FreeholdLand actually owned by a person
GigA light carriage with two wheels normally pulled by a single horse or pony
Given NameQuakers used given name instead of Christian name (see also Family Name)
GuardianA person appointed to take care of another, often a child or children under the age of 21
HeiferA young cow
HereditamentA property able to be passed on
Herring HangA building used for smoking or storing herrings
HoldenHeld or kept
HollandLinen cloth
Joyned or JoyntedWooden furniture made by a joiner with mortise and tenon joints and wooden pegs
Imprimis (Latin)In the first place
IndentureA legal written agreement or contract
Indifferent personsImpartial people
InterlinedA word or words inserted between the lines of a document
IntestateA person who dies without leaving a will
InventoryA list of personal and household goods left by the person who has died, including their value
Issue of his or her bodyChildren
Joint TenantsTwo or more people who own the same property or land, the survivor to eventually inherit the entire estate (see also Tenants in Common)
JointureAn agreement made before a marriage to guarantee the bride a specific property, amount of money or goods, in case her husband died before she did, thereby protecting her future
KiverA large bowl or basin for mixing and preparing food. Could also mean a cover for a bowl
LeaseholdProperty or land rented or leased to a person for their lifetime, but not actually owned by them
LegacyAn amount of money or property left to someone in a will
Legacy dutyA tax imposed on a legacy or an inheritance tax
Letters of AdministrationA grant to the person or persons who applied to administer the property of someone who did not leave a will, or a person appointed by a court to settle the estate
LinenItems made of linen, either household articles or clothing
MaltSprouted and dried barley used for brewing beer and ale
Malting or Malting HouseA building where grain was malted. It is sometimes known as a Malting Office
ManorAn estate or area of land, often including a village or villages, farms and parish church, held by the Lord or Lady of the Manor.
MeadA meadow, or a drink made from honey
MessuageA property or dwelling house with adjoining land and outbuildings
MinorityUnder the age of 21 years, changed to under the age of 18 in 1970
MoietyHalf part
NapkinA square piece of cloth, normally linen or cotton, used for wiping the mouth at meal times, or as a baby’s nappy (see also Diaper)
NeeA woman’s maiden or birth family name or surname
NuncupativeA will made before witnesses by word of mouth, but not signed
Objects of VertuSmall luxury items made of precious metals or jewels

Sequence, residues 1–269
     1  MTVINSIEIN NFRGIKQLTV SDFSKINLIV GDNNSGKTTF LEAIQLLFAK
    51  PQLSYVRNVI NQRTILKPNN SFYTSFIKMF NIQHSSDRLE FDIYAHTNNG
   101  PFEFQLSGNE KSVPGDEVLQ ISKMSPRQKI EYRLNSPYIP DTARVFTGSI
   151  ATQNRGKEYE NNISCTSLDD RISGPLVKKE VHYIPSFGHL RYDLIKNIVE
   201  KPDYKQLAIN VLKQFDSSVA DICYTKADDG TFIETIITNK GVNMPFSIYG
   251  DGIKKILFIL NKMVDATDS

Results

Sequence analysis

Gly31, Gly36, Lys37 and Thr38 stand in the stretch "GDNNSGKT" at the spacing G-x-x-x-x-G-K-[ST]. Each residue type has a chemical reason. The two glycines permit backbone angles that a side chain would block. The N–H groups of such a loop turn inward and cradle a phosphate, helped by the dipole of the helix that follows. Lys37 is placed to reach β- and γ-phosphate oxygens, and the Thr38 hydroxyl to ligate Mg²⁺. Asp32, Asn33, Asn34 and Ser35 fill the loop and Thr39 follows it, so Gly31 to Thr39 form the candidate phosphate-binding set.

Pasture LandLand or field used for growing grass for grazing by various animals
Per Capita (Latin)Literally by head. Land or property owned jointly where the share can only pass to the named beneficiary
Per Stirpes (Latin)Literally by root. Land or property owned jointly where the share of the named person can be divided among their heirs after their death
PewterA metal used for making dishes, plates and tankards
Pillion A type of saddle attached behind a normal saddle either for carrying a second rider or luggage
Pillow bear, beere or bereA pillow case or covering
PlateItems made from metal, including silver
PorringerA small individual bowl, often with two flat handles, for porridge or soup
PressA tall item of furniture made of wood used for storing clothes and textiles, like a cupboard with drawers
ProbateThe process of proving the validity of the will and settling the estate
PurpartsA share or part of a division
RelictWidow
ReversionThe return of property to the original owner after the death of a beneficiary, or when a lease expired
RevokeOfficially cancel
RowleA farm implement, possibly a roller of some kind
SafeA ventilate chest for storing foodstuffs or a secure metal box for storing documents or valuables
SaltA container for salt as well as the contents
Save harmlessProtect someone against financial harm
SealA mark made into softened wax by a metal ring or stamp, the personal property of the owner, either an addition to or instead of a signature
ShagreenSharkskin or rough hide
SidesaddleA type of riding saddle, normally used by ladies, where the legs are wrapped around pommels and both are on one side of the horses’ back. Only one stirrup is used
Sperate debtThe debts a woman owed prior to her marriage (see also Desperate debt)
SpinsterAn unmarried woman
SpitAn iron bar used for roasting meat over an open fire
Staddle stoneA mushroom shaped stone under a barn or hayrick to raise it off the ground in order to keep rats out
SteerA young bull calf between 2 and 4 years old
TasterA wide shallow cup or glass
Tenants in CommonThe owner of a specific share in a property which can be disposed of separately from the owners of the remainder of the property and without their consent (see also Joint Tenants)
TenementA house or other building or land
TestatorThe man who made the will
TestatrixThe woman who made the will
TesterA wooden canopy above a bed